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Communities’ Underinvested, Underappreciated Economic Engine: Music

It’s a fast-growing, multibillion-dollar industry that provides lots of jobs and consists mostly of small businesses. But it’s poorly understood by economic developers.

Huntsville's Orion Ampitheater
An artist’s rendering of a concert being held at Huntsville, Ala.’s Orion Ampitheater, which is scheduled to open in May; the city invested more than $40 million in the venue as part of music-focused economic development plan. (City of Huntsville)
One thing that brings us together is music. It is one of the only things in our lives that we don’t need to live but can’t live without. Whether it is attending a concert or festival, listening to the radio in the car, watching a show on Netflix, or attending a sports event, music is there.

With music, however, what is most important to us is what we hear — the song, the concert, how it made the movie more suspenseful — and not the process of creating it. In enjoying or absorbing the music, we ignore the infrastructure, be it physical or human, that is required to ensure that the music reaches our ears. Instruments had to be made, the venue had to be built, those involved required education to learn to play or produce, T-shirts and album sleeves had to be designed, and so on. These are not just actions; these are jobs.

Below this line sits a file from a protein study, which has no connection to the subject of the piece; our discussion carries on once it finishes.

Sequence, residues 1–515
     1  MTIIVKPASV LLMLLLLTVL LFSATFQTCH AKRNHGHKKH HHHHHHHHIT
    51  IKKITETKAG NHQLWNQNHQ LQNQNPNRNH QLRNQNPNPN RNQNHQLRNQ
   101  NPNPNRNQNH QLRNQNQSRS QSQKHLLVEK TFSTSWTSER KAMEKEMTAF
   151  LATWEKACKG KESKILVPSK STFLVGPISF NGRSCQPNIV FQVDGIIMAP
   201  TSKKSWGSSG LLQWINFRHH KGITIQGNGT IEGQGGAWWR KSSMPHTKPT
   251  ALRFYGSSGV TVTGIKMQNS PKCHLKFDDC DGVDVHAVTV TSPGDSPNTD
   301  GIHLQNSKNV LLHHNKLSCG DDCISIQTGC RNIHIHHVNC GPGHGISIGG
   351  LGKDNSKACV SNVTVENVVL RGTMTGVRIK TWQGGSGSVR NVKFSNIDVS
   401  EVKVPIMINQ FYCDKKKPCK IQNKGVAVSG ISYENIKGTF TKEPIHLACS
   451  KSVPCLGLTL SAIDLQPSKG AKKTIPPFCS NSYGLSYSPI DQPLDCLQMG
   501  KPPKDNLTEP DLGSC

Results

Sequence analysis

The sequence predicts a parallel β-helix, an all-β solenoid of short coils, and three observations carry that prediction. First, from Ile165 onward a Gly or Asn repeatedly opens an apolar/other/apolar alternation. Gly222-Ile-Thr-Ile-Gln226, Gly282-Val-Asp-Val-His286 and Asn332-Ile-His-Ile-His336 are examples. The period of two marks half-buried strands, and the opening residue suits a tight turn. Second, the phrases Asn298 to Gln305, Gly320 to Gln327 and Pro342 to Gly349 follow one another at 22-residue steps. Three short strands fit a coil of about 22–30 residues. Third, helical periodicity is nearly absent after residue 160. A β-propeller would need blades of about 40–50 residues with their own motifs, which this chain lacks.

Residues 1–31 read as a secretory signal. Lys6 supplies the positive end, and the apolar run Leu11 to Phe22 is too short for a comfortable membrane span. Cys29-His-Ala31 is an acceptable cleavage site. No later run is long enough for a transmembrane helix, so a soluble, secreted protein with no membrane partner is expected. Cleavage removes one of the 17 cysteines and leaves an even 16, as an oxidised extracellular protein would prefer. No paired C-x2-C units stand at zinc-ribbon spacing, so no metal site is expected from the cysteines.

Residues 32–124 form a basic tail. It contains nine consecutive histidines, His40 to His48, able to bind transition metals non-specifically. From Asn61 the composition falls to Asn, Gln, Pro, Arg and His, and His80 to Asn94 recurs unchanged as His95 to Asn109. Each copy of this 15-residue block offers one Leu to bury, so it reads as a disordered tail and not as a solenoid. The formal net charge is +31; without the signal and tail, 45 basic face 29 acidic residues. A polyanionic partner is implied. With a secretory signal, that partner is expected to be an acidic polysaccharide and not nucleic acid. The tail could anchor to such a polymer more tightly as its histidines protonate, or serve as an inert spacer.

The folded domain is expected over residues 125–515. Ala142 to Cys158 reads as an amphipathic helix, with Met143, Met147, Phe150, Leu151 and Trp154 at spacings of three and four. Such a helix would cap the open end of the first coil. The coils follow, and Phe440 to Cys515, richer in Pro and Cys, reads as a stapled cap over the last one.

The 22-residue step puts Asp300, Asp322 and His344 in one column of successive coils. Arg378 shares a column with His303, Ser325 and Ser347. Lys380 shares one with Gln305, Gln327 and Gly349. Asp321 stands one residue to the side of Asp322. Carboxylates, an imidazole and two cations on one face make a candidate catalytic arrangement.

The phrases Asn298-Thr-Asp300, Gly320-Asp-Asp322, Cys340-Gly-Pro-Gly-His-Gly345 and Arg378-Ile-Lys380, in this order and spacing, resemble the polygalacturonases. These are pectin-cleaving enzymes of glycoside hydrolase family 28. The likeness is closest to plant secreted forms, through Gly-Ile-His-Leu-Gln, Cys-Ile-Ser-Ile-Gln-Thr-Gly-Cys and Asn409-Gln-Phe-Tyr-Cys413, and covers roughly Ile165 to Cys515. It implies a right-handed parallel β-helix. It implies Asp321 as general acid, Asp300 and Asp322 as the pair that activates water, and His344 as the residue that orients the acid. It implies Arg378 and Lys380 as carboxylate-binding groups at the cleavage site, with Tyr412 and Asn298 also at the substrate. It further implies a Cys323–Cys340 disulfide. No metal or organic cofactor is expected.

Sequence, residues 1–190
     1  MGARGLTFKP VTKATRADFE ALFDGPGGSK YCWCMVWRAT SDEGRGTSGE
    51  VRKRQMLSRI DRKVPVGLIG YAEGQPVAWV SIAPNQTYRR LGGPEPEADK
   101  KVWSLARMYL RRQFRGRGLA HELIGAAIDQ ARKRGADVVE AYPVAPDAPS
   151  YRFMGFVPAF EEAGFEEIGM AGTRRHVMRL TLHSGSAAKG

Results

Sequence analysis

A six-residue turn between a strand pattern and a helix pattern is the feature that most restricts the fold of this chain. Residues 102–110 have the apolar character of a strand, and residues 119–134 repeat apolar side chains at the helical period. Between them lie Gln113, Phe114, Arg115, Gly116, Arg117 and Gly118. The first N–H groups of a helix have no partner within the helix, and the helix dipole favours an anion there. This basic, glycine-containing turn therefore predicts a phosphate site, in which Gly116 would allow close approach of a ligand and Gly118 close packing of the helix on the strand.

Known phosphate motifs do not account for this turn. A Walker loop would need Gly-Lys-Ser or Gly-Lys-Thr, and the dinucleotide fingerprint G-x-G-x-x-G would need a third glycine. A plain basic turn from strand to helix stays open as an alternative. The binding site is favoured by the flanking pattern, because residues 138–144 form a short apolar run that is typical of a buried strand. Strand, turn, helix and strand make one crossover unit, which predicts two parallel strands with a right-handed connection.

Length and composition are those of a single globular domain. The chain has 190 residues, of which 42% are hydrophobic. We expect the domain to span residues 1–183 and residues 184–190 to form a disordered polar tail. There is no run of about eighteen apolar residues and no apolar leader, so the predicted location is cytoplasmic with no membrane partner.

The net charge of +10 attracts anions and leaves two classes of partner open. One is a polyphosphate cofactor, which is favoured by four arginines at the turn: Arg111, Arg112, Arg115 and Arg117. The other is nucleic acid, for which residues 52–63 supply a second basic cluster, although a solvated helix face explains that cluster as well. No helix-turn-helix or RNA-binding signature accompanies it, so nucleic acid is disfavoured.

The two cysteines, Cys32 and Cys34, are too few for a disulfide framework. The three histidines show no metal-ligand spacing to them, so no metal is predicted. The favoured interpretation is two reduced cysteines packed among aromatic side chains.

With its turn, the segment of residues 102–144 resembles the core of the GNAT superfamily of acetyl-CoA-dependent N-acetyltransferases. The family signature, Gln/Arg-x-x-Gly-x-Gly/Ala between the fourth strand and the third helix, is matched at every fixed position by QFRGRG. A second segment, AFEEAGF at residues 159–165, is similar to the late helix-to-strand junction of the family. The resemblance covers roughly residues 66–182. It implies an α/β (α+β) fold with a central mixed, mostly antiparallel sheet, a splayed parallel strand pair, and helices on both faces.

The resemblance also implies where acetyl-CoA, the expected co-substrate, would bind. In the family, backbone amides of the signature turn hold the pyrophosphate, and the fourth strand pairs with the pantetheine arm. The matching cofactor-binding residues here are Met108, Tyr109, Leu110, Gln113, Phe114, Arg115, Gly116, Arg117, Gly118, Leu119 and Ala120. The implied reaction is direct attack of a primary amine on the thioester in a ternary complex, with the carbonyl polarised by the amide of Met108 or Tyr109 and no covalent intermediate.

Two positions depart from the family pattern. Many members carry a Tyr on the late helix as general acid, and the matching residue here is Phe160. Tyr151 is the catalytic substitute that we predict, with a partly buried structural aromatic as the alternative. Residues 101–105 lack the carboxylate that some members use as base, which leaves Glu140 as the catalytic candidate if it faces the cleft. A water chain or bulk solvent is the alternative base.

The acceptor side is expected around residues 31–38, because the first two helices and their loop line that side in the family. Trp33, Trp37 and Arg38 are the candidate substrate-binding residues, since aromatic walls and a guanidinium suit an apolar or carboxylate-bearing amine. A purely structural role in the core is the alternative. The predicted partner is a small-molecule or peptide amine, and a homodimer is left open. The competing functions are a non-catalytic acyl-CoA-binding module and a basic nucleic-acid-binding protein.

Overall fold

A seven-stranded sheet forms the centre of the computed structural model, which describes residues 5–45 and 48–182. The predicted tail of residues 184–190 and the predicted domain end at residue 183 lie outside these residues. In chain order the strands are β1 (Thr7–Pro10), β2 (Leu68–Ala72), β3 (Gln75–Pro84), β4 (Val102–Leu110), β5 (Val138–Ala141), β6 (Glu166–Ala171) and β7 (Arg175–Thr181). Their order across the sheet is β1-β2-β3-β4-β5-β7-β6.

Yet this disconnect is about much more than ignoring the process while enjoying the end result, and this is not specific to music. Few of us understand how planes fly, but we are happy to get on them. Same goes for food production. But when it comes to aviation, agribusiness or just about any other industry, communities all over the United States compete for factories, production facilities and entrepreneurs. This is, for the most part, not the case with music. In fact, music is often conspicuously absent in workforce development policy, because most policymakers lack an understanding of how the music ecosystem works.

Music is a complex, multifaceted business. There is no singular point of sale nor single path of production, dissemination or consumption. Most of the jobs in the music economy are behind the scenes — production, logistics, hospitality and the like, and music is not, exclusively, a business of manufacturing. One song could be owned by dozens of people, creating complicated revenue streams and arrangements. Moreover, much of the growth of the sector is through streaming, not physical reproduction. That makes it hard to see.

As a result, traditional economic development strategies lack a thorough understanding of the business and how to attract it. Many communities invest in a single venue, such as a concert hall, or something ephemeral, such as a festival, but few understand basic data about their sector — where it is, how much it is worth, how it complements the wider economy. And while festivals are welcome, if there are no music education programs in the adjacent public school, the disconnect is made worse. No artist is born famous, and everyone comes from somewhere.